The Second Going by Trevor Plumbly
Dealing with criminals has been a problem since biblical times, and it’s pretty obvious that most permutations of solving matters have been tried over the centuries. From dismemberment medieval torture to the current favourite of avuncular admonishment, the most inventive solution, deportation, was devised by the British in the 18th Century. It was heralded as a win-win piece of legislation, dumping the undesirables as far away as geographically possible, whilst planting the Union Jack in yet another quarter of the planet. Anything of value to the Mother Country would be virtually free of labour costs. The 19th Century brought the end of deportation and tyrannical governance, the discovery of mineral wealth, the birth of a colony and the beginning of an influx of immigrants from Europe and Asia.
‘When you come to a fork in the road, take it!’ (Yogi Berra)
To some extent this piece of cockeyed advice seems to fit Australia’s current move to solve its crime problem. In their wisdom they’ve introduced legislation to deport foreign nationals convicted of any crime carrying a prison sentence of twelve months or more. I personally don’t have too much of a problem with that, like everyone else they’ve probably got enough crims of their own to contend with without hosting other peoples. But it has raised diplomatic eyebrows here in New Zealand. The problem is that a huge number of our citizens live and work in Australia under a sort of open door policy, some take citizenship, some don’t, and that’s the fork in the road. Some of those awaiting deportation have spent most of their adult life in Australia and whilst it’s possible to argue that they should have sought citizenship there, it’s also reasonable to assume that it would have been declined on criminal grounds. These people will end up practically stateless, tossed out of one country and sent to another, with little or no family support or social connections.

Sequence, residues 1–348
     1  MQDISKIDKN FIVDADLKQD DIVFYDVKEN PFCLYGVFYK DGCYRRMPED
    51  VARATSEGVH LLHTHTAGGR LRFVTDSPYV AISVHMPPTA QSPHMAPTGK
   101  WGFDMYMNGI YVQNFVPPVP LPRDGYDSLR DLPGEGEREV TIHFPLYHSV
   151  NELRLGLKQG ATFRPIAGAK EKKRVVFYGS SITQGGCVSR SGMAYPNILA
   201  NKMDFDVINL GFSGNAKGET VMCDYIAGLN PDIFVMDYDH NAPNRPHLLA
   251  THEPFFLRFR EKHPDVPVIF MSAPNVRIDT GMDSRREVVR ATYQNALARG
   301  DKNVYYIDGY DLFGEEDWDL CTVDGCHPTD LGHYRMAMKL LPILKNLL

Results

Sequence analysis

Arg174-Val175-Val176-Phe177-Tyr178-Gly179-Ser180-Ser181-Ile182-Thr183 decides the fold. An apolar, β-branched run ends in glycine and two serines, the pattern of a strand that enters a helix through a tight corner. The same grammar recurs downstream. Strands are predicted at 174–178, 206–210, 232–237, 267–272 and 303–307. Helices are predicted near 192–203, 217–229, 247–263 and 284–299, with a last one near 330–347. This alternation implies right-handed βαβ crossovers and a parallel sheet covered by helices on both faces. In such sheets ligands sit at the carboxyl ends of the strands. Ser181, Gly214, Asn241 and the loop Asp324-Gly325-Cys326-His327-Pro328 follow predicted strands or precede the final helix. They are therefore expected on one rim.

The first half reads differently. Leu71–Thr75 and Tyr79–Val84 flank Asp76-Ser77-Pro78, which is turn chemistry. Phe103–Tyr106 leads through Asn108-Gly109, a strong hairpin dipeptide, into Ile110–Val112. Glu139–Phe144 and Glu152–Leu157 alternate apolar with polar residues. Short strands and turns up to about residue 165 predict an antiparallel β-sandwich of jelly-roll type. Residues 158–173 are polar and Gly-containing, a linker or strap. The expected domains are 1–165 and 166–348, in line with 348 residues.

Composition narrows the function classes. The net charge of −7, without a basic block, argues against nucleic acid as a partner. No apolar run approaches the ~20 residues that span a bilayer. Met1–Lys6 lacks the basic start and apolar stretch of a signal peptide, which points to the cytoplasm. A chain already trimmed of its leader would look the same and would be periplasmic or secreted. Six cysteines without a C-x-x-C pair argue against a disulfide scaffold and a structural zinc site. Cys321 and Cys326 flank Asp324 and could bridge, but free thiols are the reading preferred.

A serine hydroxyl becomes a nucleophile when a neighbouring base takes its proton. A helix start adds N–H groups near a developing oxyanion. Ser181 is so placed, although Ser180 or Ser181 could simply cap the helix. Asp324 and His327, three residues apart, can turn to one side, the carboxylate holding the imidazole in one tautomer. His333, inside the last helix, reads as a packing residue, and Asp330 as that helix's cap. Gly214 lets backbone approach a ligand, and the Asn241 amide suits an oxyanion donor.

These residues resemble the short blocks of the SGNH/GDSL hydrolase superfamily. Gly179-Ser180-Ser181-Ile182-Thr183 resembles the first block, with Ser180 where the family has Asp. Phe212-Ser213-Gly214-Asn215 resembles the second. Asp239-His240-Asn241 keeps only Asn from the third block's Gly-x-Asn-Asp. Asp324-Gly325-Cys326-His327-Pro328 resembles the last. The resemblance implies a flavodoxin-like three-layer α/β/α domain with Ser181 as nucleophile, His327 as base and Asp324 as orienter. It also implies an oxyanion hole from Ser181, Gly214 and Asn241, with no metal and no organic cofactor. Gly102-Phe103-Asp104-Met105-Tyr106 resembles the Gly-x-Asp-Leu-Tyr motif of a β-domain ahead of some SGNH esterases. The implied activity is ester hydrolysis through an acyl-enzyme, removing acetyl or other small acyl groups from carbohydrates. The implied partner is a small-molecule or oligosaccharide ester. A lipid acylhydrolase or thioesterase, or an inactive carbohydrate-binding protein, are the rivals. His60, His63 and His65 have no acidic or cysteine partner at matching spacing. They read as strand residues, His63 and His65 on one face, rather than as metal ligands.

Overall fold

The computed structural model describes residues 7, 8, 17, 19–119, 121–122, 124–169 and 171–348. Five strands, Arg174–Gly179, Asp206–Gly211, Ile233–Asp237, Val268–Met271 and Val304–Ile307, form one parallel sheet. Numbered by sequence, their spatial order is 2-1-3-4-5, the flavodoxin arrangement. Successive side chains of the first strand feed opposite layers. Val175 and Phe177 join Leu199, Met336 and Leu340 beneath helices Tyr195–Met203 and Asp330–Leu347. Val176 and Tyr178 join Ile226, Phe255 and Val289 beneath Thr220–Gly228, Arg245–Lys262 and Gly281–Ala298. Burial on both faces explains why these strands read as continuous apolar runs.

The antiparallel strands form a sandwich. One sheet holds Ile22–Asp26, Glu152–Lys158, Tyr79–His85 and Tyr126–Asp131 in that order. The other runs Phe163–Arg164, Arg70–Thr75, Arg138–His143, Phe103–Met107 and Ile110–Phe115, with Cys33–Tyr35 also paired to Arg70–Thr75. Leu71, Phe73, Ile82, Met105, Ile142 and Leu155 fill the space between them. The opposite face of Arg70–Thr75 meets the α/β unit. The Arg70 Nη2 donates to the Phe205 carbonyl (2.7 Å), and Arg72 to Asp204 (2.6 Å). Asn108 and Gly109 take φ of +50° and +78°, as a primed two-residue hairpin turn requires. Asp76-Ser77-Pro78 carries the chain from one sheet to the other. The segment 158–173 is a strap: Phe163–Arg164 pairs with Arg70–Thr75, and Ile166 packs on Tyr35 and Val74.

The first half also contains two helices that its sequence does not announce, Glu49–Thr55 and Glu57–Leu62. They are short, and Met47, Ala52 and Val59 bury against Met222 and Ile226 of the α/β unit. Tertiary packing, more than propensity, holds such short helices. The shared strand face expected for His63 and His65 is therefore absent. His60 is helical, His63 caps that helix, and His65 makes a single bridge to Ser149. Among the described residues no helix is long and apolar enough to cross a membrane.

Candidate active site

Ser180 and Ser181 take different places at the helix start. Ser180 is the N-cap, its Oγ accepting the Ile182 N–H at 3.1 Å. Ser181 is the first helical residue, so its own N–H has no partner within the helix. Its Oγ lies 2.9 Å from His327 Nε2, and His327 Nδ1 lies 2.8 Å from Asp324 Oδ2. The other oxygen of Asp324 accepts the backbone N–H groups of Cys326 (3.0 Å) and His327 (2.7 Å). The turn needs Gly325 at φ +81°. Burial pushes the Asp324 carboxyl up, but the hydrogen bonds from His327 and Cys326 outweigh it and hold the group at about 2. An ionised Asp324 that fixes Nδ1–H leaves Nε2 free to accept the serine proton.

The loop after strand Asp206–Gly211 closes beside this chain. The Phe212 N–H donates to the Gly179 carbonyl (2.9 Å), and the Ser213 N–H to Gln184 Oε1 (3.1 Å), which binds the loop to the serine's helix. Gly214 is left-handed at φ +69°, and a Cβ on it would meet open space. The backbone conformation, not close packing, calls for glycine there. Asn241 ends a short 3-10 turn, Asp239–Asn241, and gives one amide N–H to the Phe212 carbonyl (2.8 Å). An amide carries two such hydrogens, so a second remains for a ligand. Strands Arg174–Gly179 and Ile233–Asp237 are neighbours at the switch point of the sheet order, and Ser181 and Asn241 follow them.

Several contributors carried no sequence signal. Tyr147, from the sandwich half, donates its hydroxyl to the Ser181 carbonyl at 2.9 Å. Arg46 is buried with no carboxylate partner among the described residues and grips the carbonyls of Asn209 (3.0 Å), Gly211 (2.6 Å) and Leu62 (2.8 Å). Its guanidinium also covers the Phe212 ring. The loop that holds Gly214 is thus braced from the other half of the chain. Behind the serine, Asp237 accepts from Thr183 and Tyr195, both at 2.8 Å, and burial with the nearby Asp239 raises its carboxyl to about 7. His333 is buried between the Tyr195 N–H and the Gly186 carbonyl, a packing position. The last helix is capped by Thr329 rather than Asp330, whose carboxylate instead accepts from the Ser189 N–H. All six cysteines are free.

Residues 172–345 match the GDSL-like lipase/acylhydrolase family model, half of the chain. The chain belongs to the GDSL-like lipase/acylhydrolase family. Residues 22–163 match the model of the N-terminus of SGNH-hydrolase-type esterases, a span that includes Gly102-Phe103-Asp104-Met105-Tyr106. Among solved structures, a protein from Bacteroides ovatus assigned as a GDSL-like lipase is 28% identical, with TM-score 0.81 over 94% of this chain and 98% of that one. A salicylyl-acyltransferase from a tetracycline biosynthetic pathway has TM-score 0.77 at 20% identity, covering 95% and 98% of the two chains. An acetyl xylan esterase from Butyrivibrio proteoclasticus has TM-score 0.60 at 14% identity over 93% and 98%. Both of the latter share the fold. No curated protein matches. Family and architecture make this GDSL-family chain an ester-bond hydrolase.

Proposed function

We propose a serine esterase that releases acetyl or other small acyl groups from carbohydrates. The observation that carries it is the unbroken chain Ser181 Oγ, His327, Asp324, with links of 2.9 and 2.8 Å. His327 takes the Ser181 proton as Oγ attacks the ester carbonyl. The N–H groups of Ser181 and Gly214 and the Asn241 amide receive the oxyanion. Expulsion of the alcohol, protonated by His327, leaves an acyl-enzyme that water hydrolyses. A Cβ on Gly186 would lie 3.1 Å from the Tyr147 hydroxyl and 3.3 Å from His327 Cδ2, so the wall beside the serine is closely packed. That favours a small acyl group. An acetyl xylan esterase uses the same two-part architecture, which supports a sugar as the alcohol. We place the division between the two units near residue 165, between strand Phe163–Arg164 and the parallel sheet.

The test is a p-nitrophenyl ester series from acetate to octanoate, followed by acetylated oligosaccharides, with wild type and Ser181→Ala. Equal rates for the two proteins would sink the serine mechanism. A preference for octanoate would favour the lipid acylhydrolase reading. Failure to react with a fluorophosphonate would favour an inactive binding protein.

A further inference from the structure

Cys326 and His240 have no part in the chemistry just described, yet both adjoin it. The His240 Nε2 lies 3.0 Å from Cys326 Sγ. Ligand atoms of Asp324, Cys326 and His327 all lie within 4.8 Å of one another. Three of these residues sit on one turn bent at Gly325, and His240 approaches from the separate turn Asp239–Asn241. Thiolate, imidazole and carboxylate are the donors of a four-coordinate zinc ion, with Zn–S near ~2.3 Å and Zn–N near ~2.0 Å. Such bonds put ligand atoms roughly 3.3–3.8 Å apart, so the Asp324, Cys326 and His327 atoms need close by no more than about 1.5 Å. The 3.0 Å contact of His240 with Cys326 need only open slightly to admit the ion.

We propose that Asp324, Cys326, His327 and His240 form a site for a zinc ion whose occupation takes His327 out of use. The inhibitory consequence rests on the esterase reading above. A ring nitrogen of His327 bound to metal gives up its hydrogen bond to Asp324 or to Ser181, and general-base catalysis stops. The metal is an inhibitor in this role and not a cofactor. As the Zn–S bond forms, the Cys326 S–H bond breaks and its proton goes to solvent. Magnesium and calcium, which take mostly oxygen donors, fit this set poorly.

‘It’s déjà vu all over again!’ (Yogi Berra)
There’s always been a reverse aristocracy in Australia, a sort of inbred arrogance specially reserved for those direct descendants of convicts that have now ‘made it’. In a way it’s a bit rich really that those who owe their own status in life to their ancestors criminal activity should encourage or tacitly approve of any legislation remotely similar to that their forefathers railed against. Despite the irony of that, the concept of returning undesirables to their own country does carry some degree of judicial fairness. But, storing them in detention camps, however temporary, definitely does not. These sort of camps shouldn’t exist in any civilised country. Having imprisoned someone for an offence, then following that up with deportation should be enough punishment for any society. Treating detention camps as way stations is simply adding another sentence and no different to the 18th Century practice of using Newgate Prison or convict ships for the same purpose. It isn’t administering justice, it appears to me to be more like reviving a 200 year old form of cruelty.